But Forbes, who has shown a long-standing interest in the threat posed by China, warned that the Pentagon's spending woes will limit the potential impact of U.S. intentions to rebalance its overseas priorities.
"I give the president good marks because the rhetoric was needed…but the resources to make the rhetoric have some meaning have not happened," Forbes said. "Our allies and our competitors in the area see that we are not spending money on defense."
His interest in the committee's broader activities and his willingness to criticize party leaders for their handling of the budget have become all the more timely because of the prospect that House Republicans' term-limits rule for committee chairmen will force Rep. Buck McKeon (R-Calif.) to step down at the end of 2014.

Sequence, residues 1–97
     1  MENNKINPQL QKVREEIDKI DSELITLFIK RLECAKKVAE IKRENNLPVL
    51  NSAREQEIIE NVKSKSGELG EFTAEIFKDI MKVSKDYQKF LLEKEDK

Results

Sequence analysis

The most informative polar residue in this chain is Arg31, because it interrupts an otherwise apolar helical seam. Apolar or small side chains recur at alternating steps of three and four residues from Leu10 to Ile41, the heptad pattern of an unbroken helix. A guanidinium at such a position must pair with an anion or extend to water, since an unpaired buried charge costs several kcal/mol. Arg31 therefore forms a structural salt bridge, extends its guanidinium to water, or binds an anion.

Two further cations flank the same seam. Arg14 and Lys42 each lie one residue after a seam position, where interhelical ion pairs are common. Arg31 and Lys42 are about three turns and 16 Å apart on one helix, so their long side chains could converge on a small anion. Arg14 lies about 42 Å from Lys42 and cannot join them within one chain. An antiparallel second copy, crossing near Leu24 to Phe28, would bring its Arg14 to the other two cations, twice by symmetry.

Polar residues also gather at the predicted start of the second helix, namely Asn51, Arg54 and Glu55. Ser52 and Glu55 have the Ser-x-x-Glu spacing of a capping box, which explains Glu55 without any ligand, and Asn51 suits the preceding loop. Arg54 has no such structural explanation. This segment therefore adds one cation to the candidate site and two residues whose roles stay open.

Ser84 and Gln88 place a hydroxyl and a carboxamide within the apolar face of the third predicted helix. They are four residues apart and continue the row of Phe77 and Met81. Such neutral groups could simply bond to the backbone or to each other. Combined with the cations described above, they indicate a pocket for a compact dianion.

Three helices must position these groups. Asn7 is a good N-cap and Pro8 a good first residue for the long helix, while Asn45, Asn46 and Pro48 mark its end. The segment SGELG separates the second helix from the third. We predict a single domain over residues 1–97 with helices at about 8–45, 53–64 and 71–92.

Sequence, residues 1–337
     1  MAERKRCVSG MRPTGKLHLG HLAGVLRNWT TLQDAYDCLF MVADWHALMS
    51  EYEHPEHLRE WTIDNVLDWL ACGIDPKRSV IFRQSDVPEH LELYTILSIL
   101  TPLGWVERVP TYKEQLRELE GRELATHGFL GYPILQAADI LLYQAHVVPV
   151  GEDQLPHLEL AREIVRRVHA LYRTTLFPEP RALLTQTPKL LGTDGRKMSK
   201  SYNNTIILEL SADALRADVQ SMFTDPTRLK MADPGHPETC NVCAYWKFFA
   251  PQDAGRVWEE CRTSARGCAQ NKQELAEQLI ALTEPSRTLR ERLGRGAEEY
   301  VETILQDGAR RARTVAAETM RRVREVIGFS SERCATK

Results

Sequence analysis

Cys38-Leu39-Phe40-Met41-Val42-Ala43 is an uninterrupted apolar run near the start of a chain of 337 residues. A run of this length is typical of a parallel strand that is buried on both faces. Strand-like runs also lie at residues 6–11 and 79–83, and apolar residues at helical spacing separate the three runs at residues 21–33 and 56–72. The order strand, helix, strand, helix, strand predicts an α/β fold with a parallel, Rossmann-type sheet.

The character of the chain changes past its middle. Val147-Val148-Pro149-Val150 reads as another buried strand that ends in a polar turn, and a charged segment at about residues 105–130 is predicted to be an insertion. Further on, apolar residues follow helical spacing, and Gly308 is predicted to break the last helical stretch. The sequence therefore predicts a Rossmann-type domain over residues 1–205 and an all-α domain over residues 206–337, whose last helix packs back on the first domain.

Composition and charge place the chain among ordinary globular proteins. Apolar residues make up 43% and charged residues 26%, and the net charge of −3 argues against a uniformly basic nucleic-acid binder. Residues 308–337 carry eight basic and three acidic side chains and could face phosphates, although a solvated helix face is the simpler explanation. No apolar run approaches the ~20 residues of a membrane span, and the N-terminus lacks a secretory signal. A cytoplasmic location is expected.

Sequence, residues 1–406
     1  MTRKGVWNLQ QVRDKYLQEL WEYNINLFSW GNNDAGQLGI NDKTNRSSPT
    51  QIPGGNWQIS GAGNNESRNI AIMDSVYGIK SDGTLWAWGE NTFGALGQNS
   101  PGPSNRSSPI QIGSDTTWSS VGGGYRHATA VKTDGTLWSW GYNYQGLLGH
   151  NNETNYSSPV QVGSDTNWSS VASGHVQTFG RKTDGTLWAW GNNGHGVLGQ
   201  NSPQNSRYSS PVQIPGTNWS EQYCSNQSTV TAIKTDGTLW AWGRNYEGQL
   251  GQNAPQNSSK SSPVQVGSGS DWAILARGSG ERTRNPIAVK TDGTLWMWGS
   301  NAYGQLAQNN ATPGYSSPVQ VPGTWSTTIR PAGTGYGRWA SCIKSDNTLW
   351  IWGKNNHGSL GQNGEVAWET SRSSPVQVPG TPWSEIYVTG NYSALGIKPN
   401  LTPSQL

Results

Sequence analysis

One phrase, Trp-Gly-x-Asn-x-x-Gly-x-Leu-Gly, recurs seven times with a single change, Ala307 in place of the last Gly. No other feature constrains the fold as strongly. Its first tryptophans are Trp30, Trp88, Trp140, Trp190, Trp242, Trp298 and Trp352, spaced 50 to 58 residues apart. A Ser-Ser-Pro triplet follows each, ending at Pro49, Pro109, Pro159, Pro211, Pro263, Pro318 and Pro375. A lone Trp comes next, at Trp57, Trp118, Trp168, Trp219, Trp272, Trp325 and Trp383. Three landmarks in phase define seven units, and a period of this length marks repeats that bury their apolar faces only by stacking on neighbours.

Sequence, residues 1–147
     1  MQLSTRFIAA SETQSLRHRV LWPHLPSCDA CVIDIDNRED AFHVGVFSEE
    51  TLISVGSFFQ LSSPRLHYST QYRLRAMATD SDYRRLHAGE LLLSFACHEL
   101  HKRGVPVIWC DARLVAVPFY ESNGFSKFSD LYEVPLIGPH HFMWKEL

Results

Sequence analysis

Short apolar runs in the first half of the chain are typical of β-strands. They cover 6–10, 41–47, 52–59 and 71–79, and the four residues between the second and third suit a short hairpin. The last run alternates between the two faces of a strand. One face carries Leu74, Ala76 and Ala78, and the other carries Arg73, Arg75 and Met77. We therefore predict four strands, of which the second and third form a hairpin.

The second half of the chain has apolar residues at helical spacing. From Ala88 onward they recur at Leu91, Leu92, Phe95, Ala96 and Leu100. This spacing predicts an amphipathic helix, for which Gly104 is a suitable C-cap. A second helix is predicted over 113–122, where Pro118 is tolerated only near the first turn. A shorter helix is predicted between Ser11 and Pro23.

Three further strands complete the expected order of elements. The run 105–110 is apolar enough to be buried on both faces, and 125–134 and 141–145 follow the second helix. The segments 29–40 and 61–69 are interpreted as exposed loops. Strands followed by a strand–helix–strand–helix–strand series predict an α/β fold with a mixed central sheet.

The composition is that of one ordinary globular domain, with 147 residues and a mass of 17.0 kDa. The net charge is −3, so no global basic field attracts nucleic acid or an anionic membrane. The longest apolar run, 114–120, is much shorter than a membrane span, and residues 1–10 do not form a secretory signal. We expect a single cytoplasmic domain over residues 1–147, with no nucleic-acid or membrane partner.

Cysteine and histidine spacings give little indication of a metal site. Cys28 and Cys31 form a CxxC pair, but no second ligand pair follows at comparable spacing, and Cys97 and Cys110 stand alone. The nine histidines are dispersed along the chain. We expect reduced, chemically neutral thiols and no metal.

The scuttlebutt inside the committee and among industry lobbyists is that Rep. Mac Thornberry (R-Texas) is the front-runner to become the next chairman. But Thornberry, who has made two unsuccessful bids to lead House committees, has been criticized by some as not sufficiently active in Republican political or other leadership activities.
Forbes, who earlier served as chairman of the Virginia Republican party and gave a boost to Majority Leader Eric Cantor (R-Va.) when he first ran for Congress in 2000, has downplayed public speculation about his ambitions. "I don't have the time" to focus on the chairmanship, he said, though he did not rule out making a bid for it.
However, given the uncertainty about the current House GOP leadership team, the continuing budget conflicts could influence Forbes' prospects for the top committee post.
Richard E. Cohen, an FCW contributing writer, has covered Capitol Hill for more than three decades and is the author of several books on Congress.